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Carney proposes site investment funds – again

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Gov. John Carney delivers his State of the State address on Jan. 26. | PHOTO COURTESY OF JASON MINTO/GOVERNOR’S OFFICE

WILMINGTON – Call it a redo, but Gov. John Carney is reviving his proposals to create investment funds for advanced laboratory space and site readiness for economic development in his upcoming Fiscal Year 2022 budget.

The proposals were among the first priorities that the governor announced in his annual State of the State address made Tuesday before an empty Legislative Hall. The speech, typically made before all state legislators and a number of Cabinet secretaries, judges, dignitaries and more, was instead broadcast online in another nod to the impact of the COVID-19 pandemic.

The Delaware General Assembly has not met in person since the 151st session began earlier this month and the governor has largely avoided in-person events in recent months.

In his address, Carney touted the fact that Delaware was able to balance its current year’s budget without raising taxes, laying off employees or borrowing money amid the economic crisis unfolding during the pandemic. Many other states had to resort to more drastic measures, but Delaware’s conservative budgeting, combined with the Budget Stabilization Fund backed by Carney early in his first term, helped it stave off such moves while retaining a Triple AAA bond rating.

“This year, I will again propose a budget that links state spending to the growth of our economy. We’ll invest one-time money in one-time infrastructure projects. We’ll focus on the future and rebuild our reserves,” he said of the operating budget that will likely top a record $5 billion.

In the most notable business-focused proposals, Carney is reviving the Site Readiness Fund and Graduated Lab Space Fund, both of which were cut from last year’s budget as lawmakers sought to close an unexpected pandemic-spurred deficit. The former would have allowed the state to quickly convert existing properties to meet the needs of prospective employers. The latter aimed to incentivize colleges, universities, and the private sector to develop lab space for startup companies to move into and keep jobs in the state.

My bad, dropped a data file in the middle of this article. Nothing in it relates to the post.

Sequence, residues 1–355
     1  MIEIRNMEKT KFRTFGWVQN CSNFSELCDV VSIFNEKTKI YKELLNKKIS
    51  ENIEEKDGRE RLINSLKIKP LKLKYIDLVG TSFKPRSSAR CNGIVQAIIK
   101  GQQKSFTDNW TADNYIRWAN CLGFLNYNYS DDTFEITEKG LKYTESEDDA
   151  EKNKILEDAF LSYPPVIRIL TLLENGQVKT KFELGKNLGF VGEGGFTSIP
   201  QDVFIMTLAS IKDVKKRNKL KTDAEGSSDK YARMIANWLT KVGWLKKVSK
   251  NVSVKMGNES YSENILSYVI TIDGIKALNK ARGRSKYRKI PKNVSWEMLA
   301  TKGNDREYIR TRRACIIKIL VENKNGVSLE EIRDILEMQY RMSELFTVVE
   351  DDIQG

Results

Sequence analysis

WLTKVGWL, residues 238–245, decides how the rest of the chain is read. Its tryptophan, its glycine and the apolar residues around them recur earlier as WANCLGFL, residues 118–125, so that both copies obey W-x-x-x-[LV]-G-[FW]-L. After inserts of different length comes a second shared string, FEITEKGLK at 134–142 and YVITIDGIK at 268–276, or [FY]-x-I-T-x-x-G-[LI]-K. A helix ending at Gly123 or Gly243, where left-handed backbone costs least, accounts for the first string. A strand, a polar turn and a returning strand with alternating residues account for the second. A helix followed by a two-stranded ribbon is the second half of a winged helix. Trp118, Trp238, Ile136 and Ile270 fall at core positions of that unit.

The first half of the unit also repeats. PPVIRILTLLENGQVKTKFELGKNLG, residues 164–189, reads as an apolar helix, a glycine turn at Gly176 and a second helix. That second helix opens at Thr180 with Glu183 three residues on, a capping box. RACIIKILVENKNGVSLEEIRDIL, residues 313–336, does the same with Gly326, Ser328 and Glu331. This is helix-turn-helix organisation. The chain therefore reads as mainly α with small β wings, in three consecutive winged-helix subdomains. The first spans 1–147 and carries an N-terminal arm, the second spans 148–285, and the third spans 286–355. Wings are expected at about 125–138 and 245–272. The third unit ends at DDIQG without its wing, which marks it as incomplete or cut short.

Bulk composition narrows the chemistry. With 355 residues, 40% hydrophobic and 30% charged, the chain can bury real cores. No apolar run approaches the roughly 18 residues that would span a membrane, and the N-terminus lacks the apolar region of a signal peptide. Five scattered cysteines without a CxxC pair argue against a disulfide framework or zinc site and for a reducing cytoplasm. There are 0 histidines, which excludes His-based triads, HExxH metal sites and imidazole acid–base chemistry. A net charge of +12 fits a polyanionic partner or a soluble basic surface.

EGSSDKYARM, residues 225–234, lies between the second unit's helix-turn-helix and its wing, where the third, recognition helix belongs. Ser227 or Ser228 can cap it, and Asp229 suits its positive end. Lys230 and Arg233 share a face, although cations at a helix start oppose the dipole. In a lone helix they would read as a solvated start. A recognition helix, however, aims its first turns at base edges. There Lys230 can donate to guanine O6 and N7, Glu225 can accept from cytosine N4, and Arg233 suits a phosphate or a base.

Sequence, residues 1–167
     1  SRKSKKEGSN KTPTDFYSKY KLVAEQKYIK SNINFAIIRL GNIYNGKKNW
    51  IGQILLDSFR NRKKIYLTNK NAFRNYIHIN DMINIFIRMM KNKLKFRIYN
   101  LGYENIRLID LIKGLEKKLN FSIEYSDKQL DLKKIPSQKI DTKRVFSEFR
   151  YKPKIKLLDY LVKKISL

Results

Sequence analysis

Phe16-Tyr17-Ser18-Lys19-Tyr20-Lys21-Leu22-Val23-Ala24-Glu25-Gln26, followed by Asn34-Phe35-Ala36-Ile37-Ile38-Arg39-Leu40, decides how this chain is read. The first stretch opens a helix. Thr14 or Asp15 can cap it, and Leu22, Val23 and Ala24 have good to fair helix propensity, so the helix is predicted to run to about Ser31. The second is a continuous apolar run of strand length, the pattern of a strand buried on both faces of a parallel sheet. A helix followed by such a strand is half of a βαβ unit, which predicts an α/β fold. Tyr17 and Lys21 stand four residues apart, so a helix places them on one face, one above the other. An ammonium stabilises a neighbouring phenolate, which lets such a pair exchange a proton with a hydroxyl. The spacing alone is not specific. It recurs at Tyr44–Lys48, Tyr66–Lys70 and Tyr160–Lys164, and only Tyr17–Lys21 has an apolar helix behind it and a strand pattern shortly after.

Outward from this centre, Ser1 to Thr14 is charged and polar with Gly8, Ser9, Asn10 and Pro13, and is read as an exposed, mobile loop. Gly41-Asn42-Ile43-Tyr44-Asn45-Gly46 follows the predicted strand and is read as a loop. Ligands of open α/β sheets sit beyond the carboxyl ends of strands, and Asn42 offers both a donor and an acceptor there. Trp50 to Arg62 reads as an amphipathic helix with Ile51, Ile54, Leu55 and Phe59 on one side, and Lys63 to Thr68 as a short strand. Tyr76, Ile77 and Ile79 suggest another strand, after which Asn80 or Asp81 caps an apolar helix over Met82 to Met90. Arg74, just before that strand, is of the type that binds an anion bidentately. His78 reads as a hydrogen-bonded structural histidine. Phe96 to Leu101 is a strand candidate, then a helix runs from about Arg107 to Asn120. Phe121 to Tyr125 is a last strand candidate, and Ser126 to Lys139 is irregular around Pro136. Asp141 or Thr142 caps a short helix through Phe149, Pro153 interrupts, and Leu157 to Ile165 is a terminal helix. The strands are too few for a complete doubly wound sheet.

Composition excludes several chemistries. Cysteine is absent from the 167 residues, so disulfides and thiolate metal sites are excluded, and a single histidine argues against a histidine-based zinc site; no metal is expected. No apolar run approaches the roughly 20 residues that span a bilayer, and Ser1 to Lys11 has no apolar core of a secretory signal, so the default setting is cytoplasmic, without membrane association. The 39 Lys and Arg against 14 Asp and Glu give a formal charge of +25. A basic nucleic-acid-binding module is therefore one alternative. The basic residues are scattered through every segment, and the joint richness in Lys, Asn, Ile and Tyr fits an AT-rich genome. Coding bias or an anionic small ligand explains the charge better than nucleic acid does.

Although it’s not yet known how much the governor will propose for each, last year both were proposed at $10 million.

“We have a number of start-up science and tech companies here in Delaware, but we have a shortage of lab space for them to use as they grow their business,” Carney said in his address. “We want to help the private sector build more lab space; we want companies that start here to stay and grow here; and we want to attract companies from the region to come to our state.”

The state’s economic development agency, the Delaware Prosperity Partnership, received approval in December to use a portion of the state’s taxpayer-backed Strategic Fund to support the building of lab space. It’s unclear whether the fund proposed by Carney would supplant that measure or simply bolster it.

Meanwhile, Carney also said that he would propose expanding the 2-year-old Encouraging Development and Growth Expansion (EDGE) grant program, which has awarded nearly $1.5 million to 20 developing startup companies to date.

In other spending measures, Carney announced that he will renew a push for $50 million in a Clean Water Trust Fund for water quality-focused projects and a plan to get body cameras for every police officer in the state.

He also announced his support of Senate Bill 33, which would set a new renewable energy goal of 40% for the state by 2035. The bill, first championed by Carney’s friend and former State Sen. Harris McDowell before his retirement last year, has already been approved by the State Senate and was to be heard by a House committee Tuesday. The bill has not come without its critics though, including conservatives who worry that it could lead to price increases for cash-strapped constituents and liberals who feel that the goal doesn’t go far enough.

“We made a lot of promises before the pandemic last year, and I intend to keep them,” Carney said.

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